Friday, April 22, 2011 | Toledo
THE TWO MOST-heard phrases in this city today: Que pena! and Que lastima! Wherever your were — wondering lost in the alley/streets, sitting under a giant umbrella at an outdoor café, in a museum, in hotel lobbies – you heard either of these two phrases.
“What a pity,” they said.
“What a shame,” they said.
The phrases were uttered in response to the observation that, for the second night in a row, there would be no Holy Week processions. The reason: the rain, The never-ending steady rain. It rained most of the day again today, starting around 10:30. It was not a heavy downpour, and it was not a drizzle, it was just a gentle, steady seemingly innocuous rain. Several times during the day, the sun would shine through a break in the clouds, even as the rain continued, and you could hear the hope – the pleading? – in people’s voices as they wondered if, by some miracle, the rain would stop early enough to convince the church authorities to allow the colorful processions to begin.
But it was not to be, and so the dolorous laments continued: Que pena! Que lastima!
I DID SOMETHING today I boasted the beginning of the journey thatI would not do: I spent time in museums. I can blame the rain for that, but I’d rather thank it. I visited the Museo de Santa Cruz, the city’s preeminent art museum, which houses inside its beautiful building a number of spectacular El Greco works. It also has a great collection of
historical artifacts, some dating back to before the first century. My favorite was a collection of pottery from throughout Spain. I was in awe of the intricate designs of some of the works. The designs looked very familiar to me and it struck me that the doodles that I have been doing practically since grade school and which I have lately been incorporating into my art are very similar to what I was seeing. I had always thought that those doodles had their roots in the ancient Aztec or other Mexican Indian cultures, and I still do. But perhaps they were also influenced by the ancient ancestors who painted the designs on this pottery? Who knows?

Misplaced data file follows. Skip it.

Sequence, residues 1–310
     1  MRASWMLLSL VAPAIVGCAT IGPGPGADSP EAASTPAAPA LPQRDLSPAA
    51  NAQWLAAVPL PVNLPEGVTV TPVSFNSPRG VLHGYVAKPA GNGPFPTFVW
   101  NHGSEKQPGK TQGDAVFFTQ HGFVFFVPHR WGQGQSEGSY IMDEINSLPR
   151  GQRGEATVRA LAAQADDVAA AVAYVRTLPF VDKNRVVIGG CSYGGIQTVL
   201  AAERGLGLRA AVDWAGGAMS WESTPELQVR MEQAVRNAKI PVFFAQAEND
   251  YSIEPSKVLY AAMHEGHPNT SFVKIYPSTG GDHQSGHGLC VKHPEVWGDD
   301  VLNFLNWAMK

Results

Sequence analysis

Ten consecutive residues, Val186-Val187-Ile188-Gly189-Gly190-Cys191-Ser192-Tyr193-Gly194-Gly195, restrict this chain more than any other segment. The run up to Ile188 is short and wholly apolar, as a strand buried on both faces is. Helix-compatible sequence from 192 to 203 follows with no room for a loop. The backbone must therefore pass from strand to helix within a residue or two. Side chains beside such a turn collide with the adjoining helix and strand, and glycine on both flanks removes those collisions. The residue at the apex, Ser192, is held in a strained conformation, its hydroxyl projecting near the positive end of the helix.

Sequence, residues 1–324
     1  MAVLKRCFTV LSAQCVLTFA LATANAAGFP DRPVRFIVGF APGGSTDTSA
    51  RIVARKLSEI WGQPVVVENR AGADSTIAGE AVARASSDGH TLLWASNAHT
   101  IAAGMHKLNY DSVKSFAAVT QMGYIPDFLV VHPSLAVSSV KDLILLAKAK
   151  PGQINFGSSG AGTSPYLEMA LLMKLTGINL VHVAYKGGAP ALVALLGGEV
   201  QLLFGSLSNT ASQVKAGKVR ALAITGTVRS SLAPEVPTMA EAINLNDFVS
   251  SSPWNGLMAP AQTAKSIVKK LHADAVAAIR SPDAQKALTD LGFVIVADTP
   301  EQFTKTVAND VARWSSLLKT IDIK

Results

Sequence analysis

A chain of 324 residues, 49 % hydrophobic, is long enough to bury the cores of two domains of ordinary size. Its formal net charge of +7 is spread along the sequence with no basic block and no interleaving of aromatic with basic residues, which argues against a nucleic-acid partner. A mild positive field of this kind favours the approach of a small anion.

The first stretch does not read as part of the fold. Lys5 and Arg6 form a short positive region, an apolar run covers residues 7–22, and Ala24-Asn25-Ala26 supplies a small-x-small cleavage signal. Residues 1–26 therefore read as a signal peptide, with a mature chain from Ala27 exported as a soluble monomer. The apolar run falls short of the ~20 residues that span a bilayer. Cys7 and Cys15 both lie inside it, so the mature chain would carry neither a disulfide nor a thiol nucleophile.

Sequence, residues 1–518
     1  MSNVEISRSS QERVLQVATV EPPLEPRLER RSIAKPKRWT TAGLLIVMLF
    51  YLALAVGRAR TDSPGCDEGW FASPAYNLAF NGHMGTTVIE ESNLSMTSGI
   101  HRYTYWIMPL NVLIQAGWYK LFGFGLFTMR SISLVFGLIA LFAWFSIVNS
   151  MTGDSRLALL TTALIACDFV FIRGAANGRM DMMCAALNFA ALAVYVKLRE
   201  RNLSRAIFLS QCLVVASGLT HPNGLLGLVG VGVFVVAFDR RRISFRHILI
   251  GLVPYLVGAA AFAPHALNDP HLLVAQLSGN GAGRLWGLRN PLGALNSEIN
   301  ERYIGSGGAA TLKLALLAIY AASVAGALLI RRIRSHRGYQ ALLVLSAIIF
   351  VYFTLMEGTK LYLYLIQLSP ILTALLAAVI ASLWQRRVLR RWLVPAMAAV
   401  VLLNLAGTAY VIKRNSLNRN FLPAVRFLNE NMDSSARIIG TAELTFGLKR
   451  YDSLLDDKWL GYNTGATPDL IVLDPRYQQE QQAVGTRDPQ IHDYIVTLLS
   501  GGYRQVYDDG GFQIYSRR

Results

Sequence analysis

Santa Cruz also has temporary exhibits and yesterday they had two, one of very modern art and another of Benjamin Palencia, a Spaniard known for his vivid landscapes of the Spanish countryside. Throughout the exhibit it also had, on the walls, quotes from the artist. My favorite:
I know not know how to draw. I don’t want to know how to draw, and that is why I do as I wish, without taking into account what others call knowing how to draw. I interpret poetically. I scratch the paper with my dreams and feelings.
The second museum I visited was the El Greco museum, which is a few hundred feet from my hotel. A beautiful place, in a restored old house that at was believed to have been El Greco’s home (but it turned out not to be). There were, of course, a number of magnificent paintings by the master, but there were others also, and there was a good historical perspective offered. A wonderful place. Again, thank you rain.
THERE ARE TWO things that you can say about this city without fear of being contradicted. The first is that you can get lost easily without a map. The second is that you can get lost easily with a map. Toledo – the old city’s center — is a maze, a series of narrow twisting and winding streets and narrower and even-more-twisting-and-winding alleys, plus a few travesias, shortcuts. I saw one with the name, Travesia del Angel. If you’ve ever been to Guanajuato, Toledo is sort of like that, only more so. Much more so. The streets and alleys are mostly cobblestoned, like those in San Miguel de Allende.